Business Plan? We Don’t Need No Stinkin’ Business Plan!

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Attention, new businesses! If you want to lease commercial space, you need a business plan. At this point in my career, I don’t even know anymore if I’m more surprised when a new business actually has a business plan or when they don’t. Needless to say, it’s frustrating and alarming how many do not; frustrating because a business plan is table stakes for leasing commercial space and alarming because leases have very real legal and financial ramifications in the case of default. I require a business plan before I represent any new business for 2 seemingly contradictory reasons: self-interest and altruism.

Self-interest

If a new business doesn’t have a business plan a landlord will not consider leasing to them, period. No lease means no commission. When you work on a contingency basis, time is money. Brokers must thus allocate time accordingly to the deals that have the greatest possibility of closing. No business plan equals no deal equals no money equals no time.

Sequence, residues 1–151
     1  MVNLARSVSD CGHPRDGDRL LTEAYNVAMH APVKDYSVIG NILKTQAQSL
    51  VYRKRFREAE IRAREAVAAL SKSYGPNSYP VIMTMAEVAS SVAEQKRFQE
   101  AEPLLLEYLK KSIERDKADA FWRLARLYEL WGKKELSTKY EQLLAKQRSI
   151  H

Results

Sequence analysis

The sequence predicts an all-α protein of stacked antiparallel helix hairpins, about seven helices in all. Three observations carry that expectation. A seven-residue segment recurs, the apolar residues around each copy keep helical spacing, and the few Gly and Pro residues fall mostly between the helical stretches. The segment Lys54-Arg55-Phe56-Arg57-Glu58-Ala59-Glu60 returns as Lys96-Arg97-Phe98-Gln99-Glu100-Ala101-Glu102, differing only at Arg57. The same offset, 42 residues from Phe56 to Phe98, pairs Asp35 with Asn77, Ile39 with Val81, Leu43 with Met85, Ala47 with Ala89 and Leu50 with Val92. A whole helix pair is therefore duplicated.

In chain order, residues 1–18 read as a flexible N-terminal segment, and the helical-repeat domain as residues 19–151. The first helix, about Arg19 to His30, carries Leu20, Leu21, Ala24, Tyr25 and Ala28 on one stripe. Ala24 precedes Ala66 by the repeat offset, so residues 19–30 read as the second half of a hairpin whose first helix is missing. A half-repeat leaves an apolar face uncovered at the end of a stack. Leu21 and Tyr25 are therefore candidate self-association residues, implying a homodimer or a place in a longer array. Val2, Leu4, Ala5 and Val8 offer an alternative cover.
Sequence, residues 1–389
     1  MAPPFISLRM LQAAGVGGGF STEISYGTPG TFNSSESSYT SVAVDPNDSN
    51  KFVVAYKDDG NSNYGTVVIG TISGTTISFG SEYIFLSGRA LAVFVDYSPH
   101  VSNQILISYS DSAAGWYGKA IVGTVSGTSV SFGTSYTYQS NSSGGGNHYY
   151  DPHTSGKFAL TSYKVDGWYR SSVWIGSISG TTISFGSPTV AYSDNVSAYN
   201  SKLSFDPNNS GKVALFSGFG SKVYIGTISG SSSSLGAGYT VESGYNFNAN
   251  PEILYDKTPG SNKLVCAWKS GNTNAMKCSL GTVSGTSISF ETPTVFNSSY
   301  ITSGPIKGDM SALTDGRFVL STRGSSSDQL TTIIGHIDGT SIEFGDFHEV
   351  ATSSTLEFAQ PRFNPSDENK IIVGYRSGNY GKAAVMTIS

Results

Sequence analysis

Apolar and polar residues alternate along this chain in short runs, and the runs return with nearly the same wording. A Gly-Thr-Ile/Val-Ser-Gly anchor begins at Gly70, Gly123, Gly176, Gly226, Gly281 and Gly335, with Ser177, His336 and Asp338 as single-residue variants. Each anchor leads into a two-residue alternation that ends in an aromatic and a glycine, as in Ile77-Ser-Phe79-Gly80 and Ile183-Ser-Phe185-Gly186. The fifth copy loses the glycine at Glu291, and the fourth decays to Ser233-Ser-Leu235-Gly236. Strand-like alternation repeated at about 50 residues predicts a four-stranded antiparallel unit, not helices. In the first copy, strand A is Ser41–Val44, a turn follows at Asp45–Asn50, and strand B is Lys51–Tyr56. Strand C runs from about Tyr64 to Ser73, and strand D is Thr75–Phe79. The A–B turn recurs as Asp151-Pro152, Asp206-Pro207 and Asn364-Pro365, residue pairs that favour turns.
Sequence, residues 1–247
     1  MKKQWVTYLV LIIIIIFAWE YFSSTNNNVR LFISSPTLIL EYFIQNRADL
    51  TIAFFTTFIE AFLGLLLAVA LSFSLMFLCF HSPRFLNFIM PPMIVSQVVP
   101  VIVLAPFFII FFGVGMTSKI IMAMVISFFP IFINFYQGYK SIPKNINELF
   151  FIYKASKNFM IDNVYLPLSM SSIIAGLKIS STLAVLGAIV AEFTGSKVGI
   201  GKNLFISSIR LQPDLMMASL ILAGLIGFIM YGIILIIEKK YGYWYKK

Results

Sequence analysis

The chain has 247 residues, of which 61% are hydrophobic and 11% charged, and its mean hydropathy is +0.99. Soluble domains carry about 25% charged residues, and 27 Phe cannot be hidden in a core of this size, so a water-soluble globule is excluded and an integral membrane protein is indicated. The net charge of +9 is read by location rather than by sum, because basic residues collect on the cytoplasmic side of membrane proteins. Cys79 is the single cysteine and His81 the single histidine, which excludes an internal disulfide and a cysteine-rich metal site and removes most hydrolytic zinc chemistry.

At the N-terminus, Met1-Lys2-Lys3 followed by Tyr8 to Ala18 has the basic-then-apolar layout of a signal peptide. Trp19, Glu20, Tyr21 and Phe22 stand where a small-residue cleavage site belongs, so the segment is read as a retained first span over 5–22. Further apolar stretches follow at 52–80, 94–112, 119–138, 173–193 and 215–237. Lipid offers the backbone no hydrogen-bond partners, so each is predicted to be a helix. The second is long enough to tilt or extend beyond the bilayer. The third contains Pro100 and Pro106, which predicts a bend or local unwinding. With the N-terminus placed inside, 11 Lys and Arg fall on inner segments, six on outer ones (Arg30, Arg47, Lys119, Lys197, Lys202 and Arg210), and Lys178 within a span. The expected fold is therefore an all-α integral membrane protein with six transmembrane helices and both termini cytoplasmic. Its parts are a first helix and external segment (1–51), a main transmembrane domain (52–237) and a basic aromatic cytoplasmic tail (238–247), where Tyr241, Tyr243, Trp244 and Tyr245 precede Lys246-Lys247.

If a new business hasn’t invested the time/taken the first step, why should anyone else?

Altruism

As a broker and particularly a CCIM, I hold myself to the highest ethical standards when it comes to representing my clients. I could not in good conscience allow a client to lease space if they are not prepared to do so. As I stated, most landlords will not even consider leasing to a new business if they do not have a business plan; however, even in the case that one would, I could not allow a client to be taken advantage of like that, because that’s what it would be. The only case in which a landlord might consider such a deal would be one in which the tenant had sufficient funds to pay for the tenant improvements, in cash, and personally guarantee the lease. As rare as it would be, this would be a situation where the landlord would not care if the tenant defaulted because they could go after their personal assets.

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The purpose of a business plan is NOT to “check off the box.” Its purpose is to provide a framework for how a business will make money. Its purpose is to protect the business owner from the potential pitfalls associated with the capital expenditure and personal liability inherent in any entrepreneurial venture. Its purpose is to provide a roadmap to success. A business plan is the navigation app to help get you to where you want to go as quickly as possible, all while avoiding traffic, cops, and road hazards.

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